Italy’s new generation
At the beginning of the month, international fashion press across Europe flocked to the continent’s largest, and albeit probably sunniest, film studio for an off-schedule design showcase like no other: Rome’s celebrated fashion week, Altaroma.
Now in its 20th year, the initiative plays a huge part in the economy of Italian fashion existing outside of Milan, recently taking up at Cinecittà Studios, the historic film set used in the filming of classics such as La Dolce Vita, The Talented Mr. Ripley and Cleopatra, in its celebration of the best and brightest emerging design talent Italy has to offer.
Supported by the Italian Trade Agency, Rome’s Chamber of Commerce and the region of Lazio, Altaroma scouts the work of designers and artisans across the country, promoting them through physical and digital platforms whilst offering additional guidance, support and mentorship as they begin to flourish into their own brands. And how exactly does the country’s premier international talent showcase propel the voices of independent Italian designers? By hosting a slew of bespoke runway presentations, exhibitions and events spread throughout the city, of course.
Below, we checked in with some of the scene’s freshest faces, delving into their fashion journeys, sustainable practices, and thoughts on the future of Italy’s bustling fashion industry.
Founded on an ethos of sustainability and political outcry, Lorenzo Segehezzi’s bespoke fashions and Club Kid-like accessories speak to a rich and lengthy history of queer style icons. From mesh torsos printed with mantras like ‘Queer Revolution’ and speeches by American activist Sylvie Rivera, to pointy-eared headgear and sculpted trousers, the Italian designer’s artisanal pieces lead toxic machismo into a world of compassion and flowy beauty. We’d call it a freer land, but that would mean overlooking an array of breathtakingly bold corsetry that posits the designer in a world truly of his own making.
BS: Who are your queer heroes?
LS: There are a lot of people that I consider my queer heroes, be it for their activism, their roles in queer history or their revolutionary art. Sylvia Rivera, Divine, Marsha P. Johnson, John Waters, Robert Mapplethorpe, Paul Blanca, RuPaul, Manfred Thierry Mugler, Jean Paul Gaultier, Pier Vittorio Tondelli just to name a few.
BS: Why is it important for you to place queer history at the fore of your work?
LS: Because it gives me strength and power, it’s such a passionate inspiration for me. It motivates me both as a person and as an artist. Also, it’s not something that a lot of people really know about. We’ve always been here but yet, our history has been kept secret until very recently. It’s our duty as queer folks to educate the people around us so the future generations won’t have to go through what we and our queer predecessors have been through.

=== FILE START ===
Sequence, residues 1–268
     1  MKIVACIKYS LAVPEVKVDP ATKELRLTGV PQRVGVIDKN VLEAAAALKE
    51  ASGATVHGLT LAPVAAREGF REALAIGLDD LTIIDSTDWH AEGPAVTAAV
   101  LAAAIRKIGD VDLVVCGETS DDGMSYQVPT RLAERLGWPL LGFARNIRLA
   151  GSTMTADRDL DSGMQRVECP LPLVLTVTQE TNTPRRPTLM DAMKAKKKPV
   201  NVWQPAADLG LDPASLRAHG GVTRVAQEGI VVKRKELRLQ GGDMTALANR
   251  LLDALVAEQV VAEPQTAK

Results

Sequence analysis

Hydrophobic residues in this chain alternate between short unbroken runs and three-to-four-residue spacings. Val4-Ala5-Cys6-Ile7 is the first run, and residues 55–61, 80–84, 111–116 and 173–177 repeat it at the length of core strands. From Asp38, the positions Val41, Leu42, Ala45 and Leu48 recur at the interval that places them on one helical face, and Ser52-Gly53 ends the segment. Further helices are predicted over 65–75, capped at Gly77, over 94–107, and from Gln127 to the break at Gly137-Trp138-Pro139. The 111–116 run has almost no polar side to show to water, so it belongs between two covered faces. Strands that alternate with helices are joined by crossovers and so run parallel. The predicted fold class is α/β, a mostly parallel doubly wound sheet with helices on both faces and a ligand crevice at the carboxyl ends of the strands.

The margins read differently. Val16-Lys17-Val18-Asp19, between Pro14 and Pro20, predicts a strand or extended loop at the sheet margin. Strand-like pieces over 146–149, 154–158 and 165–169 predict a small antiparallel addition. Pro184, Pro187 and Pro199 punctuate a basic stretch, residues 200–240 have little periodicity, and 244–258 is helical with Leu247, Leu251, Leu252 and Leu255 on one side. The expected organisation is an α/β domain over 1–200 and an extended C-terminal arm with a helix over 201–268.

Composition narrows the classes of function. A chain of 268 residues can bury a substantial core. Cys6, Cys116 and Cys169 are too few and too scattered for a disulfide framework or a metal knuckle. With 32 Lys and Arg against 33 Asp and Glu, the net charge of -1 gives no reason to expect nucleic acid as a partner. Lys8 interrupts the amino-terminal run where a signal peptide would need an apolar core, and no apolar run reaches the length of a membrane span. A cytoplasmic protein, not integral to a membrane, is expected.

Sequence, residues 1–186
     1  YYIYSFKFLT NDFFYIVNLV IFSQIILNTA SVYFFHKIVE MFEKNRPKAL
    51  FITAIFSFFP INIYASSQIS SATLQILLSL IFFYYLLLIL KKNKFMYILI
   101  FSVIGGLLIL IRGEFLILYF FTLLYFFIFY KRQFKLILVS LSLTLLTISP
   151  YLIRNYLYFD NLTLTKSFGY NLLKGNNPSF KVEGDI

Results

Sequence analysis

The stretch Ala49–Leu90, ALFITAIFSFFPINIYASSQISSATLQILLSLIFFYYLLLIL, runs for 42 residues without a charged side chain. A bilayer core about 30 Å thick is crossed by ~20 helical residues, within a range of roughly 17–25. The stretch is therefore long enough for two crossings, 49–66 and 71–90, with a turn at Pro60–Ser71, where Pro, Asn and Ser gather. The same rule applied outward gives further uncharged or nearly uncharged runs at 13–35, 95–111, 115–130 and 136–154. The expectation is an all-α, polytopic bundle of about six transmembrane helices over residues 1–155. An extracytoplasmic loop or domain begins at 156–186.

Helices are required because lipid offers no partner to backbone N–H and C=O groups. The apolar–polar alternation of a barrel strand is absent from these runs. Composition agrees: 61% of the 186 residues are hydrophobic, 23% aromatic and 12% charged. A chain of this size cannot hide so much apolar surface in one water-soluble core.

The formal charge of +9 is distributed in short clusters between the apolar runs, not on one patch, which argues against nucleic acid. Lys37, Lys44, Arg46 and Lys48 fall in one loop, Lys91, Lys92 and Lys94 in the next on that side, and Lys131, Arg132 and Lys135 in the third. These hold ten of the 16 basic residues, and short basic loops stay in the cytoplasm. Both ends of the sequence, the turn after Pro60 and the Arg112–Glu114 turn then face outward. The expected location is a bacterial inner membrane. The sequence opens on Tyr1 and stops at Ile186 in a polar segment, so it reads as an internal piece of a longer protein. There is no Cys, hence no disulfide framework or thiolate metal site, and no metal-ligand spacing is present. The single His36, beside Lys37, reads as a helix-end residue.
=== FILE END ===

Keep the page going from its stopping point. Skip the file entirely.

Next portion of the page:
BS: How would you define your design ethos?
LS: It’s hard to define my work with a captivating and catchy phrase, it makes me feel so pretentious. I try my best to be as experimental as I can while reinterpreting traditional tailoring techniques in a contemporary way, my goal is to create high-quality garments that are a social, political and cultural statement against queer oppression, gender binaries and fast fashion abuses.
BS: Can you tell me a little more about your focus on sustainability?
LS: I’m an artisan that makes garments only on-demand, I don’t and don’t want to have a mass production so I guess that should make my work sustainable by default. That being said, I really want my design process to be as sustainable as possible so I do my best to use second hand and deadstock materials.
BS: What would you be doing if you weren’t designing?
LS: I’m pretty sure it would be something involving some kind of creative art form. Other than that, I would probably be studying zoology or palaeontology like I wanted to do when I was a child. My goal growing up was to become a scientific illustrator, and here I am hand stitching boning channels on a corset…
Simon Cracker packs all the punches as a one-of-a-kind maker – his designs might be reproducible, but they will never, ever be identical. Fusing an array of upcycled textiles, be they flowing silks, slouchy knits or shiny tinsel, a childlike curiosity for creating sees him plunder a pre-school dressing-up box to create layers of soft-punky splendour.
BS: How do textiles inform your approach to design?
SC: My design approach is very 3D: doing upcycling, I use both fabrics that are leftovers, deadstock and already existing garments, which I destroy and rebuild straight on a dummy. My creative process is a continuous dialogue between the concept that I have in mind and the raw material that I find: it’s a matter of balance.